The Far Side of Madness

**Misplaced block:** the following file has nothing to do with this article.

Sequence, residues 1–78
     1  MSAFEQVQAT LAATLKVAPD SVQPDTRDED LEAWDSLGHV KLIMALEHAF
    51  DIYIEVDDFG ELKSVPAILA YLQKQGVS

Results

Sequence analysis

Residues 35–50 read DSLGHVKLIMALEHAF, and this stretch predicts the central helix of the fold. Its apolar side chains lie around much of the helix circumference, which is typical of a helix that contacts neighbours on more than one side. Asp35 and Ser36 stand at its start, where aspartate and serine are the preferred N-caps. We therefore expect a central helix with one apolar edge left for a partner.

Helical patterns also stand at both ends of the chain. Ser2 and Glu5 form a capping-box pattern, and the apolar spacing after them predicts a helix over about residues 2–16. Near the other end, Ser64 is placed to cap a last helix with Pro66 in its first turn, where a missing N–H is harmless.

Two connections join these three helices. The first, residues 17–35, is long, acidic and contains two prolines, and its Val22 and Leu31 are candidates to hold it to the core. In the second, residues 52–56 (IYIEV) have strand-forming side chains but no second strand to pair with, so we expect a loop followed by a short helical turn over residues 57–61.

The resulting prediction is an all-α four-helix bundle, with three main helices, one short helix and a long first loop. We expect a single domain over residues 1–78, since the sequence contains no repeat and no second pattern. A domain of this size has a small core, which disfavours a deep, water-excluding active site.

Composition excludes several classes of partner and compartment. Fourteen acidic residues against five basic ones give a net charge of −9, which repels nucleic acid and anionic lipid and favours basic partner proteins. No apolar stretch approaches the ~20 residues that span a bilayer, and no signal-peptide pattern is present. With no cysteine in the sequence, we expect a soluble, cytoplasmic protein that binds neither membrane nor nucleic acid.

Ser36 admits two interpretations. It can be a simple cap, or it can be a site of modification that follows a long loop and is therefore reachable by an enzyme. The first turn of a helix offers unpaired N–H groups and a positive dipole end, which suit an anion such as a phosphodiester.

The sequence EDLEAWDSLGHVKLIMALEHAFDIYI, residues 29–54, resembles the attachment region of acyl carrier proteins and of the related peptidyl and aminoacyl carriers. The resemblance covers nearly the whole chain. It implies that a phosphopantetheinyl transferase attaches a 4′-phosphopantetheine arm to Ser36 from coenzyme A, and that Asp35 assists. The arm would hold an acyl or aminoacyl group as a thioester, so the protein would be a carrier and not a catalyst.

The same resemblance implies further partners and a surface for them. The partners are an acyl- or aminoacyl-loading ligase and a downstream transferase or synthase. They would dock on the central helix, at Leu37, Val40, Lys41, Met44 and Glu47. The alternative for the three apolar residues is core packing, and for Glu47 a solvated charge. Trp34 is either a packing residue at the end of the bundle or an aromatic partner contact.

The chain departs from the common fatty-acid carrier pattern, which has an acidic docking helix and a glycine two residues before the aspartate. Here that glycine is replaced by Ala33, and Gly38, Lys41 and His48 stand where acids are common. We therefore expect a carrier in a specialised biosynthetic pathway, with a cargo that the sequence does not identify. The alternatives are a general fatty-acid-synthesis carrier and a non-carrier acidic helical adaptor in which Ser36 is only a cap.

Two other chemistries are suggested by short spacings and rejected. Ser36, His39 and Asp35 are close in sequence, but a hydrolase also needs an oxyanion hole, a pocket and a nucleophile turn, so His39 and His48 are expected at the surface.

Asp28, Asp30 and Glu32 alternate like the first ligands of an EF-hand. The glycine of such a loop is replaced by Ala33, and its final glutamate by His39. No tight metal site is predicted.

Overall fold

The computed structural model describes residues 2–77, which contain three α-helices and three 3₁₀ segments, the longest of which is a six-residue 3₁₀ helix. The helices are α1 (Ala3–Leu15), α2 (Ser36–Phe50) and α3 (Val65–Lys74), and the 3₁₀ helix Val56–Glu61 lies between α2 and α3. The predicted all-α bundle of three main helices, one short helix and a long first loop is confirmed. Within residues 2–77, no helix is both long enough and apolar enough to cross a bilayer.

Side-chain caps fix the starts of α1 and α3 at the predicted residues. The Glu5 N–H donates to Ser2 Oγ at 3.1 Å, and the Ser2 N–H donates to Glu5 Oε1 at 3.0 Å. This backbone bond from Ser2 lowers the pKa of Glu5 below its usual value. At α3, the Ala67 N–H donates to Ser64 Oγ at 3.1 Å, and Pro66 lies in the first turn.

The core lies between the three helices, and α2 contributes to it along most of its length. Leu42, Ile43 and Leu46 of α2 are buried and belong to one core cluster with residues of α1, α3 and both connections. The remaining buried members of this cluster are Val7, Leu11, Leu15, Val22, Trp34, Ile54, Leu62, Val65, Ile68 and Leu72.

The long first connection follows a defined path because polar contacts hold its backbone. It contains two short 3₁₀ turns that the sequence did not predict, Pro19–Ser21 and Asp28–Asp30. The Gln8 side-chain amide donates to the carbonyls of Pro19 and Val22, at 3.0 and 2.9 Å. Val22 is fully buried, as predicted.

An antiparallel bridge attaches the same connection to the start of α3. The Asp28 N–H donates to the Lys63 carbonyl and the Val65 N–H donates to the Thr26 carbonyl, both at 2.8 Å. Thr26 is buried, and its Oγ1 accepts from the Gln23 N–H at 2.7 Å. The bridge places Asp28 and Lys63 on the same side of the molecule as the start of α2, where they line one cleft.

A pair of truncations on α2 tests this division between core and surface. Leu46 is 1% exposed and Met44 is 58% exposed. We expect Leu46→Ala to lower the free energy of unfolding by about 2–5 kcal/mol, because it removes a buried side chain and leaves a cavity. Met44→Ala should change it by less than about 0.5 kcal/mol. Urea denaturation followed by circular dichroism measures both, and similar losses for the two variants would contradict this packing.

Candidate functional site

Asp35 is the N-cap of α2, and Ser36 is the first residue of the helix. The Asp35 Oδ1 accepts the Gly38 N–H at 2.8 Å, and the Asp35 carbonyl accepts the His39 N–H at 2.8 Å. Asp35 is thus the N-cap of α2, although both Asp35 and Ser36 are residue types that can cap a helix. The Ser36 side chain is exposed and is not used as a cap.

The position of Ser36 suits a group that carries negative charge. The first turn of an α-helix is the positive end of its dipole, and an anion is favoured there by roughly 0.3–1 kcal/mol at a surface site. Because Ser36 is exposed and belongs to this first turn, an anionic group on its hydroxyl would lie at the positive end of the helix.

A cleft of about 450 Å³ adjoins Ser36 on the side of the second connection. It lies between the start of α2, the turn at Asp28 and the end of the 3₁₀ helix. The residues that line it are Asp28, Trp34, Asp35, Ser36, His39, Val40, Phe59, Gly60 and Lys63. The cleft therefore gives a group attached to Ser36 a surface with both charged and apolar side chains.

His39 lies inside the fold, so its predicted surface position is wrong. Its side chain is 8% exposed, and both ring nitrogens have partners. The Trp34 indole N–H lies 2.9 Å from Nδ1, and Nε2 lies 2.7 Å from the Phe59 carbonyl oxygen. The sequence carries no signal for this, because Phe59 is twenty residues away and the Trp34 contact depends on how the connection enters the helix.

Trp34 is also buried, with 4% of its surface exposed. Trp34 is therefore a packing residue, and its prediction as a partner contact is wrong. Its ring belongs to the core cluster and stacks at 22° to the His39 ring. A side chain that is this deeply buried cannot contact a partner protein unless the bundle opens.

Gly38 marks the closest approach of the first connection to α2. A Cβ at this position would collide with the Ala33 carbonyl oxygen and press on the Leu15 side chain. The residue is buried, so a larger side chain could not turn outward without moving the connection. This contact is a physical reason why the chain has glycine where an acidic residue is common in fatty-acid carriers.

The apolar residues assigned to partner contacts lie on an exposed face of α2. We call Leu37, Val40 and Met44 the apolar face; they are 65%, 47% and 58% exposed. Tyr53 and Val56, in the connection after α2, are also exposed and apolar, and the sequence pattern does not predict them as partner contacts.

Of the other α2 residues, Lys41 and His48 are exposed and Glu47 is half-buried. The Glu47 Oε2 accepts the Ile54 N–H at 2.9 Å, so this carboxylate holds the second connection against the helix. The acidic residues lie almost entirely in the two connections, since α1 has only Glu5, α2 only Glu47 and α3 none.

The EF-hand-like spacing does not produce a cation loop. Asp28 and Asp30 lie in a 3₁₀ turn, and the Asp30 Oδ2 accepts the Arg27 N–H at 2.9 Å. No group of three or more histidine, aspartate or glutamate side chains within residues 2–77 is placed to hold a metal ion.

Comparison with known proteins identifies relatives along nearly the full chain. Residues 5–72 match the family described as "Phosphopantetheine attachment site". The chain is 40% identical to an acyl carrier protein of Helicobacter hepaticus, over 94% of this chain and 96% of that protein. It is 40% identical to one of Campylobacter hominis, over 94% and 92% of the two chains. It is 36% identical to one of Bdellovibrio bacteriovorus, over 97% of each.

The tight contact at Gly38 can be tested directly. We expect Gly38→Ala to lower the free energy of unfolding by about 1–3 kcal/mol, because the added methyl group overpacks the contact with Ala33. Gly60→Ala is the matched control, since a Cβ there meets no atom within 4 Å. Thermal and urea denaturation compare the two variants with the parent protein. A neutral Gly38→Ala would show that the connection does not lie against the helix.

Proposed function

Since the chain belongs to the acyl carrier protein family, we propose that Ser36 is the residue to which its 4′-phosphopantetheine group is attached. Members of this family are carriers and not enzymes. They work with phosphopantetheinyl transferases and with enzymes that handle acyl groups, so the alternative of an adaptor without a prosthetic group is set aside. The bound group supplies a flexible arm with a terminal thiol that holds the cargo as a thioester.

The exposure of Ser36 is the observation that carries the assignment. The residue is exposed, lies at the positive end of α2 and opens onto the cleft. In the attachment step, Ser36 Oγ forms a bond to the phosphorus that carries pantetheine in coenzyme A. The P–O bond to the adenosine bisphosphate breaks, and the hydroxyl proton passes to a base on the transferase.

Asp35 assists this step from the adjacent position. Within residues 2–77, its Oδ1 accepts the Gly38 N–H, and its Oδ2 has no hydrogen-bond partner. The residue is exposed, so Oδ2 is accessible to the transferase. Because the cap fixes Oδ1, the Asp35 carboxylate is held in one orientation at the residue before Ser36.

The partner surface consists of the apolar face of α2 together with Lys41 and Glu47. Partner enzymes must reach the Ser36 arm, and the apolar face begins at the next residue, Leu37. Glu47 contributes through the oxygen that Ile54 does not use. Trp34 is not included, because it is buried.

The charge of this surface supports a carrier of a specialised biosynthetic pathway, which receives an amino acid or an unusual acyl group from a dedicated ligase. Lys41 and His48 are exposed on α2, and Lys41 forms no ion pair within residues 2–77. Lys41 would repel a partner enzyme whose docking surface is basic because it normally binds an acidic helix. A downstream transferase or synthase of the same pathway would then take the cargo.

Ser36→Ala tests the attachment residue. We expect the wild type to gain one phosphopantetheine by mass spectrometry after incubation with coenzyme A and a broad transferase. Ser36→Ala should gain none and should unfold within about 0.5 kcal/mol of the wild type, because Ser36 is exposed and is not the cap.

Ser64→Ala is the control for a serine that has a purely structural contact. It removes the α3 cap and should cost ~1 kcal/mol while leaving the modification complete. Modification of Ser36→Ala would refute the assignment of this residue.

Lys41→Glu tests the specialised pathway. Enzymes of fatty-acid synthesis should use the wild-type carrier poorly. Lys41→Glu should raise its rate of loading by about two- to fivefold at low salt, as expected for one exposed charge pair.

John Weir Perry (1914-1998) first met C. G. Jung in Switzerland as a young medical student, where he was intrigued by Jung's assertion that schizophrenia is a natural healing process. During the 1970s, he founded an experimental residential facility called Diabasis in Berkeley, California, designed as a supportive home for young adults who were experiencing the initial days of their first "acute schizophrenic break." At Diabasis, these full-blown "schizophrenics" were able to emerge "on the far side of madness," as Perry put it, "weller than well," without any treatment by medication, electroshock, or locked doors. When "The Far Side of Madness" was first published in 1974, Perry's deep insight into the nature of so-called "schizophrenia" opened the way for a radically new, more compassionate approach to this condition. This pioneering work of Jungian psychiatry reframes acute psychotic episodes in the context of visionary experience of schizophrenic patients and describes innovative methods of handling them.